NEW YORK—Following the Blue Devils’ thrilling 81-77 win against Louisville, Duke head coach Mike Krzyzewski’s opening statement effectively summarized what a capacity crowd at the Barclays Center had been treated to Thursday afternoon.

“So that was a quarterfinal game. Holy mackerel,” Krzyzewski said. “We’re so pleased and proud of the win because we beat a heck of a team and a team that could win it all.”

To advance to the ACC championship game for the first time since 2014, the Blue Devils will have to accomplish the same feat barely 24 hours after their Thursday triumph against a team that is playing as well as anyone in the country.

The opponent on the other side of the court will also be wearing a very familiar shade of blue.

Fifth-seeded Duke will take on top-seeded North Carolina for the second time in the past week Friday at 7 p.m. in the first ACC tournament semifinal. Although the Blue Devils will be playing their third game in three days and had to dig deep to eliminate the Cardinals immediately after the Tar Heels opened the postseason by trouncing Miami, Duke played arguably its best game of the season against Louisville.

In addition to getting second-half defensive contributions from freshmen big men Harry Giles and Marques Bolden, the Blue Devils finally got Grayson Allen back on track. Duke has repeatedly said it is trying to mold its identity in real-time this season, and the quarterfinal victory reiterated that Allen playing well can take the team to another level.

But even with Allen’s 14 points against North Carolina last Saturday—granted, the junior was not nearly as effective driving to the hoop as he was against the Cardinals—the Tar Heels made the biggest plays late in a 90-83 win to end the regular season. If Allen can deliver another strong offensive game in the semifinal tilt, the fatigued Blue Devils will still have to find a way to slow down the Tar Heels’ high-powered offense to win the season series.

“Our identity has to be formed around defense. Everyone in the country knows that we can score,” graduate student Amile Jefferson said. “When we play defense and find a way to get stops, we win ballgames.”

Against Louisville, an unlikely switch to zone defense let Duke get the stops it needed to earn a third top-15 win. The Blue Devils (25-8) might try to employ similar tactics and prioritize defending the paint against a bigger Tar Heel team that uses a four-player frontcourt to pummel teams inside and leads the nation in rebounding margin.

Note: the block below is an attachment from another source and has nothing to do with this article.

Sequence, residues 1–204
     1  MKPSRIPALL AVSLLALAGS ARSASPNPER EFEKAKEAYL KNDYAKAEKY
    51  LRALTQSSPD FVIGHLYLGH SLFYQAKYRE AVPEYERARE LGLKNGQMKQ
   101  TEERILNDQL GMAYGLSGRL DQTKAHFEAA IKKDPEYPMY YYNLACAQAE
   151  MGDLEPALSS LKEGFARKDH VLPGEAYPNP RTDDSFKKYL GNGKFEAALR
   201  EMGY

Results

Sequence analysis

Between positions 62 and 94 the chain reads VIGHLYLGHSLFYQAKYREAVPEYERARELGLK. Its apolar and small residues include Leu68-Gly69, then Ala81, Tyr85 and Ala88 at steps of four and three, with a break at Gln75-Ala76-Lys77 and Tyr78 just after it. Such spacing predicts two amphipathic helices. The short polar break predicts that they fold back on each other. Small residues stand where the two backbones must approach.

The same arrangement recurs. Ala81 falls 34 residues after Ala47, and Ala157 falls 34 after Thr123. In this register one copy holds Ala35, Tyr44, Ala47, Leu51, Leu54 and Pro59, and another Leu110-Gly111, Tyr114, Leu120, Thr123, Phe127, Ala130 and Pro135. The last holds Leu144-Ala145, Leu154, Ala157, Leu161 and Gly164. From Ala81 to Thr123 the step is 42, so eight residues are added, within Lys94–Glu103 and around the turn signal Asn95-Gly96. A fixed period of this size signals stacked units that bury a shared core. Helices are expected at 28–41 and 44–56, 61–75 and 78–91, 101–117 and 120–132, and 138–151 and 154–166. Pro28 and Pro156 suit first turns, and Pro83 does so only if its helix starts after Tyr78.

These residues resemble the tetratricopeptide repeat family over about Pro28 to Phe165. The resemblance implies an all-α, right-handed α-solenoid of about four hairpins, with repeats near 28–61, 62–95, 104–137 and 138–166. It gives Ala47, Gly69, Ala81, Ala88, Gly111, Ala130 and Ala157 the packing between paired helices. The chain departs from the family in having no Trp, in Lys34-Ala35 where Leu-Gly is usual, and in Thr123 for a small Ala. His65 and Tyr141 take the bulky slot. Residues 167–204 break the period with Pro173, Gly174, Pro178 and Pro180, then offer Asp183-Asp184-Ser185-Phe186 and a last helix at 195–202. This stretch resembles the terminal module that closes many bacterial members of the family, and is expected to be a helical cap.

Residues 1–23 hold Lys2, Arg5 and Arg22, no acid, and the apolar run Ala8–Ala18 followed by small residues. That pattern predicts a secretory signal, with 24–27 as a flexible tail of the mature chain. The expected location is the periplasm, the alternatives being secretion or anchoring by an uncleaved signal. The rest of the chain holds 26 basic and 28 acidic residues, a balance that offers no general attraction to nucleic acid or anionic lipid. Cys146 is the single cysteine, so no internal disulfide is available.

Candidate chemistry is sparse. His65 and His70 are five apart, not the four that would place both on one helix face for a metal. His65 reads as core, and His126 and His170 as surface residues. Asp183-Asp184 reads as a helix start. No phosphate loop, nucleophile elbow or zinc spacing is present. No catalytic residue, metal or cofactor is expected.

But if Duke elects to prevent Isaiah Hicks and company from getting touches in the paint, it will still need to keep track of Tar Heel stars Joel Berry II and Justin Jackson on the perimeter. Berry lit the Blue Devils up with five first-half 3-pointers in the regular-season finale, and the ACC Player of the Year Jackson has the versatility to pour in points for North Carolina (27-6) regardless of a team’s defensive strategy.

“It’s not like we played a great zone, but it changed the tempo,” Krzyzewski said. “And then we went back to man because we didn’t want to give up an open [3-pointer on the last possession].... That was the possession of the game defensively.”

Duke will likely need similar efforts against North Carolina—the same type of performance that earned the Blue Devils an 86-78 win Feb. 9. Freshman Jayson Tatum was the star of the second half of that contest with 19 points in the period to support Allen and the team’s lleading scorer Luke Kennard, and the rookie was tough to stop again Thursday with a vintage performance.

After getting shut down in Duke’s January loss at Louisville, Tatum had 25 points on 9-of-15 shooting, exploiting bigger defenders in a way he will need to Friday for the Blue Devils to avoid losing the season series to its rival for the first time since 2009.

The St. Louis native went just 4-of-13 against the Tar Heels Saturday and will look for a second straight bounce-back performance. He could be joined in the frontcourt for long stretches by his friend and classmate Giles, who scored on his first low-post touch Thursday, threw down a transition dunk off an assist from Tatum and added three rebounds, one block and one steal to spell Jefferson.

“I think he’s worn out,” Krzyzewski said of his co-captain. “He had to play the two big guys from Clemson, and Harry was playing so well that I just felt that one, if he’s playing well, we’ve got a better chance to win. But, two, going forward, to get him time in a game like that was really valuable. And it turned out it was more than just getting him time. He produced.”

The question for Giles and his teammates is whether they can put together two complete performances in back-to-back contests, something they have failed to do since December.

If Duke cannot, it will likely have to watch North Carolina celebrate a third straight berth in the ACC tournament championship game.

But Allen looking energized had the Blue Devils flashing their potential on a big stage again, giving Krzyzewski and his players confidence that they have the weapons to shoot down the Tar Heels.

“He was himself today,” Krzyzewski said of Allen’s 18-point effort. “What he did was sensational. I loved it.”